To remove the rear cover of the engine, you will have to raise your vehicle using a hydraulic jack. The rear cover plate requires the transmission be moved way back or removed. The flywheel also needs to be removed.
Check if you find any porosity on the rear cover. The porosity issue on the rear cover of the engine is in the gasket sealing surface at the top of the cover, near the high-pressure oil crossover port. If this is the case, you have to replace the engine rear cover with GM P/N 12633579.
If the porosity is found on the mating surface of the engine block, you will have to apply a small amount of RTV (Engine Sealent) using a plastic scraper to repair the engine block porosity.
6. Damaged Rear Main Seal
The rear main seal of the engine seals the oil where the crankshaft ends and is connected with a flywheel. In the above step of rear cover inspection, you should also check the rear main seal if you see oil leaking over the flywheel. Another symptom of the damaged rear main seal is that you may see oil seepage on the bell housing of the transmission system.
7. Leaking Crankshaft Position Sensor
If you see oil dripping around the starter bolts, the chances are that the crankshaft position sensor is leaking as it sits above the starter.
The O-rings of the crankshaft position sensor are notorious for deforming and causing leakage. GM has no specific part number for the O-ring. So, you will have to completely replace the crankshaft position sensor. Please don’t go for cheap aftermarket crank sensors. You can buy GM/AC Delco crank sensor here.
Why Does My 5.3 Burn Oil?
The 5.3L V8 engine by General Motors (GM) has been known to burn excessive oil in certain model years. The main culprits are 2007-2011 trucks with Active Fuel Management (AFM).
AFM allows cylinders to deactivate to improve fuel economy. However, this can cause oil leaks past the AFM valvetrain into combustion chambers.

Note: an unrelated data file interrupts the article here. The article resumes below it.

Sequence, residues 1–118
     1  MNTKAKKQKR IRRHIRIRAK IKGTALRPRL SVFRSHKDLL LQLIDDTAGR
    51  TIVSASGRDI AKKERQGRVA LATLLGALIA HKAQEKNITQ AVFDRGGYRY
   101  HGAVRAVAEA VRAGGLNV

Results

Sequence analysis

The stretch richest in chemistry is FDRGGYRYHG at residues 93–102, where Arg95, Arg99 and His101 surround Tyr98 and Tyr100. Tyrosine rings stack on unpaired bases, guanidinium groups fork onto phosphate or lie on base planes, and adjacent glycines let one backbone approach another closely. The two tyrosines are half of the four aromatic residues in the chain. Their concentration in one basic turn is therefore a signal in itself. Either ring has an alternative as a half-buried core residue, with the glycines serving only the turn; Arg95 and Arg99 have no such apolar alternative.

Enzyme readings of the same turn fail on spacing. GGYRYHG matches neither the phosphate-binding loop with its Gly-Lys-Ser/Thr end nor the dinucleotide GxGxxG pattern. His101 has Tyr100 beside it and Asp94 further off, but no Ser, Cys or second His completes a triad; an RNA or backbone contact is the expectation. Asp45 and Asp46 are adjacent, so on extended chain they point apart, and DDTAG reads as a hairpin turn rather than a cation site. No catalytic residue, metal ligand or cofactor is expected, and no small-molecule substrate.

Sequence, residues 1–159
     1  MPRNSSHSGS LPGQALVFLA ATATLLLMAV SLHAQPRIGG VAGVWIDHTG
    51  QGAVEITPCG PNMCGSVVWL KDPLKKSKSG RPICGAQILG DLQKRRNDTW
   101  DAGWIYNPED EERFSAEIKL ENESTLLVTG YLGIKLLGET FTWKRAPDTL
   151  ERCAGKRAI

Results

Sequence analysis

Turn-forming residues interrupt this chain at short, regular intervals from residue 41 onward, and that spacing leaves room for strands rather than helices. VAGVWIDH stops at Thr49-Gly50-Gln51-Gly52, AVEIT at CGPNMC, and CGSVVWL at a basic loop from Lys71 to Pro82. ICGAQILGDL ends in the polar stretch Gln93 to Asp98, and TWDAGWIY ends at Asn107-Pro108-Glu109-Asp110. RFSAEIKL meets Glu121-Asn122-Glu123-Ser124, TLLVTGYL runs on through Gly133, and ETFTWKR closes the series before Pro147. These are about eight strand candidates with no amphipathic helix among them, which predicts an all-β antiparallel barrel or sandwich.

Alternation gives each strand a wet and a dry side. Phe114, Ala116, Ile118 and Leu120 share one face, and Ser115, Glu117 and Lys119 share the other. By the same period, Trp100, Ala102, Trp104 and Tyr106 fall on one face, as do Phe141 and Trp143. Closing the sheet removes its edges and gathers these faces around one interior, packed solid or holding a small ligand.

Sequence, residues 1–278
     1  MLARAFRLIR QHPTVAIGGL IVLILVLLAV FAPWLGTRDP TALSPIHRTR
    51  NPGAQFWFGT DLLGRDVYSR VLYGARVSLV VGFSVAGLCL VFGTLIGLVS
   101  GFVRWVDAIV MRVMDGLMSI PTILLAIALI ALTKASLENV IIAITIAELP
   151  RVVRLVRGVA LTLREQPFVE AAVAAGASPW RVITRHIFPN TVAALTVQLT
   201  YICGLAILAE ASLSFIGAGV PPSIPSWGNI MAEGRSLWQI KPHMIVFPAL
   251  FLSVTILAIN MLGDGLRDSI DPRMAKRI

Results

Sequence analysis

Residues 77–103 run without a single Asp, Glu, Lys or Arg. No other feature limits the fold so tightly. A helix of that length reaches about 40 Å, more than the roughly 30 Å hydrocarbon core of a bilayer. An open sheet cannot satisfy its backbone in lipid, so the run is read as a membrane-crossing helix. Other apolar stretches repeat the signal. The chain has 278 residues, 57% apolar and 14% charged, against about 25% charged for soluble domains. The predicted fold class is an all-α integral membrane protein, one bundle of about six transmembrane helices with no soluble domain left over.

Causes of excessive oil burning in those 5.3L engines include leaking AFM valves, clogged PCV systems, worn piston rings, and faulty valve covers. Oil leaks past worn seals into cylinders then gets burned off. This causes accelerated wear, oil fouling spark plugs, and excess emissions.
GM has issued technical service bulletins and redesigned parts to address root causes.
GM says that burning up to 2.5 quarts between changes is considered “normal”, and advises check PCV and valve covers if oil burns more than that.
The most problematic engines were installed in 2007-2011 GM trucks before design changes.
Worn piston rings allow oil past the cylinder into the combustion chamber. Rings get gummed up with carbon deposits from blow-by gases. This tends to happen around 40k-50k miles.
Other factors like extended oil change intervals, thick oil, and cold weather can worsen consumption. Burn rates of 1-2 quarts per 1,000 miles are common.
Fixes include updating to redesigned valve covers and oil pans, disabling AFM, cleaning carbon deposits, replacing piston rings/valve seals, or rebuilding engines.
GM approved repairs under warranty in some cases after oil consumption tests. Higher mileage engines often need complete rebuilds.
GM’s fixes include improved valve covers starting in 2011 trucks, along with updated oil pan shields to block AFM leaks.
Owners report replacing valve covers and installing oil deflector shield under oil pan reduces oil burning. AFM can also be disabled via engine computer tuning. This stops oil leaks into cylinders but doesn’t address worn internal seals/rings.
So, this was all about the most important areas where 5.3 common oil leaks take place. You should first check the oil pressure sender, crankshaft o-ring, oil filter, and oil pan for the oil leaks in your Chevy 5.3L engine. After then, look for other complicated areas like the rear cover and valve cover.